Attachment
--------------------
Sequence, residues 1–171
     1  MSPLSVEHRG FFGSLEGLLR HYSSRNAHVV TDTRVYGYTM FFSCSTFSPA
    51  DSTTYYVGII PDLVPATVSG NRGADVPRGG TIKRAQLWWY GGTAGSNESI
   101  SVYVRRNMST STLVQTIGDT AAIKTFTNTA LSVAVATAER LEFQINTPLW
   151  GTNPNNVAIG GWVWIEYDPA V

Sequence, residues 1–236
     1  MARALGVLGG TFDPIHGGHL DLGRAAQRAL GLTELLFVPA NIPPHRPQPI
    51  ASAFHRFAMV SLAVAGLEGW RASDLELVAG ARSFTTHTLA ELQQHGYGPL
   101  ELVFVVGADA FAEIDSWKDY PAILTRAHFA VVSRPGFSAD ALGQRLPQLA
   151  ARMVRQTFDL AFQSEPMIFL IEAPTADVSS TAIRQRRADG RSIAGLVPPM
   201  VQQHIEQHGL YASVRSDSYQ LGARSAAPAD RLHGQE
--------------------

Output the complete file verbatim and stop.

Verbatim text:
Sequence, residues 1–171
     1  MSPLSVEHRG FFGSLEGLLR HYSSRNAHVV TDTRVYGYTM FFSCSTFSPA
    51  DSTTYYVGII PDLVPATVSG NRGADVPRGG TIKRAQLWWY GGTAGSNESI
   101  SVYVRRNMST STLVQTIGDT AAIKTFTNTA LSVAVATAER LEFQINTPLW
   151  GTNPNNVAIG GWVWIEYDPA V

Sequence, residues 1–236
     1  MARALGVLGG TFDPIHGGHL DLGRAAQRAL GLTELLFVPA NIPPHRPQPI
    51  ASAFHRFAMV SLAVAGLEGW RASDLELVAG ARSFTTHTLA ELQQHGYGPL
   101  ELVFVVGADA FAEIDSWKDY PAILTRAHFA VVSRPGFSAD ALGQRLPQLA
   151  ARMVRQTFDL AFQSEPMIFL IEAPTADVSS TAIRQRRADG RSIAGLVPPM
   201  VQQHIEQHGL YASVRSDSYQ LGARSAAPAD RLHGQE